Explore the latest news and trends  

Sign up for our weekly security newsletter

Be the first to receive important updates on security


Cybercriminals Attack PoS Systems to Steal Data of Payment Card

'FireEye', a security firm, recently reported that cybercriminals are targeting point-of-sale (PoS) systems to steal information of payment cards by using thousands of compromised computers.

FireEye first spotted the malware, used in these attacks, in February 2014 and named it BrutPOS and AlienVault later analyzed it in March 2014 but they did not know the full scope of the operation at that time. As of now, researchers don't know distribution system of the malware but they have found a website which serves the threat and believe that attackers might have used special distribution services provided by other cybercriminals.

FireEye says that having infected the computer, the malware connects to a command and control (C2) server and receives a dictionary with passwords and usernames to be used for the brute-force attack. A list of IP addresses is provided for scanning.

After that it moves to check if the port used by the remote desktop protocol (3389) is open on any systems in the given IP range. The brute force starts attacking if it finds an open connection and start sending credentials to C2 server immediately.

FireEye said that it detected five C2 machines and out of them, only two seem to have been set up recently (one towards the end of May and the other in early June) are presently active.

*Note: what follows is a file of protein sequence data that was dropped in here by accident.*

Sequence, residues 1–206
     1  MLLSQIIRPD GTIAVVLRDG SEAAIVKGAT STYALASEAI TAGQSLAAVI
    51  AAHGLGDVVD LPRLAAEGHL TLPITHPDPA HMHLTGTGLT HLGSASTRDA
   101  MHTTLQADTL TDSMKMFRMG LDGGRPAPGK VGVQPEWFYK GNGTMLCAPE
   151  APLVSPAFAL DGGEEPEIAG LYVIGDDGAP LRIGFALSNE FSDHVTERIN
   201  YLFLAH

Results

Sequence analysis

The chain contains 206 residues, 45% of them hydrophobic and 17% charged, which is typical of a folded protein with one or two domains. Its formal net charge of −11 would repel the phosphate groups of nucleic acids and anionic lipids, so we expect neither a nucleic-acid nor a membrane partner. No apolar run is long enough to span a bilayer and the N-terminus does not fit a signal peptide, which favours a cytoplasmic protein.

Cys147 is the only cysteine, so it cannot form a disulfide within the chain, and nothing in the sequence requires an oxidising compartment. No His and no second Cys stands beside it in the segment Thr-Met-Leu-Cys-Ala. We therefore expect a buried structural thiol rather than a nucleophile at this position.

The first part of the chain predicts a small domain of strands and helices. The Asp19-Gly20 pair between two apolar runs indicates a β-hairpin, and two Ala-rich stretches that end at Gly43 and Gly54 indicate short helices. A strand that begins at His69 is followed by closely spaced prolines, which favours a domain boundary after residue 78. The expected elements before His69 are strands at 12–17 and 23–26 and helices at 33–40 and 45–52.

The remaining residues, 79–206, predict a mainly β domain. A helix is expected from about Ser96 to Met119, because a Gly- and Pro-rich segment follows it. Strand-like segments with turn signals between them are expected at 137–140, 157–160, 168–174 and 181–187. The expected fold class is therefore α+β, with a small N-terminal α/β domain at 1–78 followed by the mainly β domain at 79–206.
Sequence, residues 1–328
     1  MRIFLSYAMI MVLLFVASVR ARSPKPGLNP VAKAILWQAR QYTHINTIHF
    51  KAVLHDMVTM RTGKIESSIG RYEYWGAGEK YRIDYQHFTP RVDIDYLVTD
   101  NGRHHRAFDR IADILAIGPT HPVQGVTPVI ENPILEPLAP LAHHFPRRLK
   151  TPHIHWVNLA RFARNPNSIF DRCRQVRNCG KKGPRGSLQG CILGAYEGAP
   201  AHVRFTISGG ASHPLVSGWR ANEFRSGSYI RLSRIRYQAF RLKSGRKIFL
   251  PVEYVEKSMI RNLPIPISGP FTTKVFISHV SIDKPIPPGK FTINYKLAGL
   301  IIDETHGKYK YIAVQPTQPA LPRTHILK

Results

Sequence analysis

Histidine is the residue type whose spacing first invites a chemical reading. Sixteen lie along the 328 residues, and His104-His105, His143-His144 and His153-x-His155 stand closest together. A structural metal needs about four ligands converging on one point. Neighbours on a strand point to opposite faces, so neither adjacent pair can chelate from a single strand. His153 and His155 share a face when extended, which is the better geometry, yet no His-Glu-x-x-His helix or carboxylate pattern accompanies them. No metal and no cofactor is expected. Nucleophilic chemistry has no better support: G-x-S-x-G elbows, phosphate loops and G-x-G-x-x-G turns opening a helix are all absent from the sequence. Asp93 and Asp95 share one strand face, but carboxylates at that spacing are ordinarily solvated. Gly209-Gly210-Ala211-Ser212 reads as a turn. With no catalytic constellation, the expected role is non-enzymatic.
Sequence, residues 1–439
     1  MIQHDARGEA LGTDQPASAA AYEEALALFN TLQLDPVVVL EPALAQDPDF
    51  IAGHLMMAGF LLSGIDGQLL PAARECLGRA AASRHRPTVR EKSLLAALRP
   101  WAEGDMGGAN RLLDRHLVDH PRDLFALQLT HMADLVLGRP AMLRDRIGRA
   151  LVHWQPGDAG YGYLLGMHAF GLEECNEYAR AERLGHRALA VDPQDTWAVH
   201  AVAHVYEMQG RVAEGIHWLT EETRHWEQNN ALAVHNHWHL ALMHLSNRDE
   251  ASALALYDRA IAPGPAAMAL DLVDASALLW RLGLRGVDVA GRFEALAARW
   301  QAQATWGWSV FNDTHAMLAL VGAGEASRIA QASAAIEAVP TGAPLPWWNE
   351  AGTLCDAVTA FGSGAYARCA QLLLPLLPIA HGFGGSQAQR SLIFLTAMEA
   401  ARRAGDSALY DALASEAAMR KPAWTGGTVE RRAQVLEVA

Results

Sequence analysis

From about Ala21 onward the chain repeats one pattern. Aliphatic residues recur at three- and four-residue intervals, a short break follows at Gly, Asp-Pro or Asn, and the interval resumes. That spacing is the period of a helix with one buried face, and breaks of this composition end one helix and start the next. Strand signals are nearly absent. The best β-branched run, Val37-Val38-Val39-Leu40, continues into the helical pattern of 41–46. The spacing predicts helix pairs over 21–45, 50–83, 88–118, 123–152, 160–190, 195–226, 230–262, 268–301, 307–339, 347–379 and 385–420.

Data collected from these servers indicate that the botnet is made up of 5,622 compromised computers from 119 countries.

Both of them are situated in Russia on the THEFIRST-NET network and other control systems were located in Germany and Iran.

Company analyzed and found that attackers specified a set of 57 IP address ranges out of which 32 were located in the United States and rest were found in other countries including United Kingdom, Netherlands, Spain, Tunisia, South Africa, Uganda and Ukraine.

Researchers of FireEye found information about the RDP servers which were asset for cybercriminals through access to the command and control servers.

FireEye said that it is still too early to attribute the attack to any particular group but it seems the work of an Eastern European group.

ยป SPAMfighter News - 7/17/2014

3 simple steps to update drivers on your Windows PCSlow PC? Optimize your Slow PC with SLOW-PCfighter!Email Cluttered with Spam? Free Spam Filter!

Dear Reader

We are happy to see you are reading our IT Security News.

We do believe, that the foundation for a good work environment starts with fast, secure and high performing computers. If you agree, then you should take a look at our Business Solutions to Spam Filter & Antivirus for even the latest version of Exchange Servers - your colleagues will appreciate it!

Go back to previous page